We all know this person: constantly showing up in your Facebook news feed with status updates, added friends and wall comments. The "stickiness" of most social sites is unrivaled by any other type of site, a point that the behavior of hardcore members really drive home. These "Social Addicts" check their beloved site constantly and have helped encourage similar behavior from other users.
Knowing how different Facebook and MySpace are in terms of design, functionality and usage, how much do "addicts" of these social networks differ? You may have read some of our posts on BehaviorMatch before, but this analysis essentially highlights the online behavior that is specific to a particular group of users. This analysis is designed to help with media buying, but in the case of social networks it can also help define the psychographic makeup of the group, and how "addicts" generally use their favorite social site.
The table below shows the sites that MySpace and Facebook Addicts* visited substantially more than the average internet user. So what do these users do when they aren’t getting their social network fix?
- To be fair, the MySpace list is filtered. An untouched list of the top twenty most popular websites among MySpace addicts would consist entirely of sites focused on modifying personal profile pages.
- After scrubbing out a majority of the sites focused on MySpace layouts, it seems that the hardcore users of this MySpace are still primarily teens, as sites focused on proms (meprom.com), shoes (kicksaholic.com), and Alternative music (warpedtour.com) bubble to the top of the list.
- It’s no surprise that hardcore Facebook users have a high affinity to some sites supporting Facebook applications, but the applications they interact with the most is telling of their online interests. It appears gaming (socialgn.com), dating (sexappealhq.com), music (garageband.com), and interacting with friends (quizapps.com) are all a core online activity to Facebook addicts.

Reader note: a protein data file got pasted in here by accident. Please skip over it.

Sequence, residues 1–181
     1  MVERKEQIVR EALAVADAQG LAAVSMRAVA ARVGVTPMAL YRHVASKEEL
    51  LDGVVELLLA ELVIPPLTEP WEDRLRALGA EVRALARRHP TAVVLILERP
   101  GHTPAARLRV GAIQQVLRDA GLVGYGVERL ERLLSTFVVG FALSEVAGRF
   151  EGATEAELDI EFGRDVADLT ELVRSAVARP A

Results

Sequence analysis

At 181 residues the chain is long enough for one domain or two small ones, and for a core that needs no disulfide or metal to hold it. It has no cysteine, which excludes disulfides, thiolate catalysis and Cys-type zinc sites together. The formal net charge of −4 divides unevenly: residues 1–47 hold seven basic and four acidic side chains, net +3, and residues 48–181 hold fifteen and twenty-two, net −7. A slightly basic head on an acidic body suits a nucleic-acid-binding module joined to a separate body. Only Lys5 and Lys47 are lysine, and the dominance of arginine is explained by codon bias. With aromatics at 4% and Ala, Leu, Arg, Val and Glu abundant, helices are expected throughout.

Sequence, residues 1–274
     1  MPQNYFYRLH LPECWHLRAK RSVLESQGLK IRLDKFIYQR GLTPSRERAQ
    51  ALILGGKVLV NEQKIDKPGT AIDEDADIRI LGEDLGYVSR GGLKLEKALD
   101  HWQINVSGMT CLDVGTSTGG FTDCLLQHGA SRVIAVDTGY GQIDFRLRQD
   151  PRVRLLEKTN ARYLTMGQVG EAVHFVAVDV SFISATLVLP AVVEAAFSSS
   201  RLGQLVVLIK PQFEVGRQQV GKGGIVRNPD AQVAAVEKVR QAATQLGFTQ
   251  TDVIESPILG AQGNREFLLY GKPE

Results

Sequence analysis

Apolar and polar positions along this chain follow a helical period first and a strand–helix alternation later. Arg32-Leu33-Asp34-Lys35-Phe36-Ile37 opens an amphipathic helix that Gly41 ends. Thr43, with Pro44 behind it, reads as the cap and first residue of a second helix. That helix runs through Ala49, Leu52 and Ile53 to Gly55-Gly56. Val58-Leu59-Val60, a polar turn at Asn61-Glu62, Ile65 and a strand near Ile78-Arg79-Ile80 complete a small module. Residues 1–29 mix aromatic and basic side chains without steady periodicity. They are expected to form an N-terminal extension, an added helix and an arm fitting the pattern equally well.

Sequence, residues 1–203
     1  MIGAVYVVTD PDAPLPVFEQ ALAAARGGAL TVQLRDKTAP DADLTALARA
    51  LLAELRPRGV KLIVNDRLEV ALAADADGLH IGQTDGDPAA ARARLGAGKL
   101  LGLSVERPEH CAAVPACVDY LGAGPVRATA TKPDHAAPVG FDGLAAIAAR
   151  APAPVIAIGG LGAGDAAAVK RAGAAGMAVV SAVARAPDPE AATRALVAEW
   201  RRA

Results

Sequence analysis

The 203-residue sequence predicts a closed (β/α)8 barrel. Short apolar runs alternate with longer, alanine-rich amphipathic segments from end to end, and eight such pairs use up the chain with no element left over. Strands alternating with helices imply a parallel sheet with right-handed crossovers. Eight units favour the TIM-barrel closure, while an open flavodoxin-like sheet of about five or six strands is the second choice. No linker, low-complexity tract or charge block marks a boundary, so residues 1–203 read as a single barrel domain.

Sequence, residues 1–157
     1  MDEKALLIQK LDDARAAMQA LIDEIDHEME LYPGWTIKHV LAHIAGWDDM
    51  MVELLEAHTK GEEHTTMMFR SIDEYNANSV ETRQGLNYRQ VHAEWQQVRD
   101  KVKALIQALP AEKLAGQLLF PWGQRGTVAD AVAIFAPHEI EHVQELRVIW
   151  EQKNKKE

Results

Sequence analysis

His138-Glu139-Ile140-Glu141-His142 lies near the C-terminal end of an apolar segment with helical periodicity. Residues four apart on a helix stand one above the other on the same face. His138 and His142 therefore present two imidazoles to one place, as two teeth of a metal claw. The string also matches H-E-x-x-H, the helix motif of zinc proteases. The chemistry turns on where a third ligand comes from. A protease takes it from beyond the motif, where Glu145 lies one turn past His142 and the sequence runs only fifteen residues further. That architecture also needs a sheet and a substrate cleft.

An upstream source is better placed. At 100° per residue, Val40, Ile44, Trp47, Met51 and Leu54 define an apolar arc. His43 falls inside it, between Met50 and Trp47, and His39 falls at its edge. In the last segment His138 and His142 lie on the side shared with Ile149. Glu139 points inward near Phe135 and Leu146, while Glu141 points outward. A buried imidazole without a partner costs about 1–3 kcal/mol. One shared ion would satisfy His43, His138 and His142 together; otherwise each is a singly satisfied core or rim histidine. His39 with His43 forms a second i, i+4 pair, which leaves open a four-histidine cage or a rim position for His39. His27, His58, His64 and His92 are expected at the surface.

MySpace and Facebook are two well established sites with massive audiences. Twitter, on the other hand, is a much smaller, growing site devoted to communication. In some ways it could be seen as the direction the social web is heading"¦and it’s also highly addicting. So what do the sites that Twitter addicts visit say about the future of the web, and how does this compare to the two more traditional social web players?
Comparing the three, some really compelling trends are visible. While it’s not shocking that sites like twhirl.org (a site that offers "tweet" enabling software) rise to the top of the list, some of the others show that these users are most interested in socializing.
- MySpace addicts are somewhat vain — focusing heavily on establishing and fine tuning their online personas by customization of their personal profiles
- Facebook addicts focus more on engagement — interacting with applications, music and people both on and off the platform
- Twitter addicts are most interested in fostering communication and exploration — sites that allow a user to understand what their contacts are doing, provide a platform for content discovery and encourage users to actively participate are the most likely places to find hardcore twitterers.
* In this analysis Facebook and MySpace addicts were defined as any user who logged into either site at least 21 days in February. Twitter addicts were defined as anyone who went to their twitter home page at least 10 times in a month. The less stringent qualifications for Twitter addicts was necessary because of the multiple channels used to access the site (mobile, desktop applications).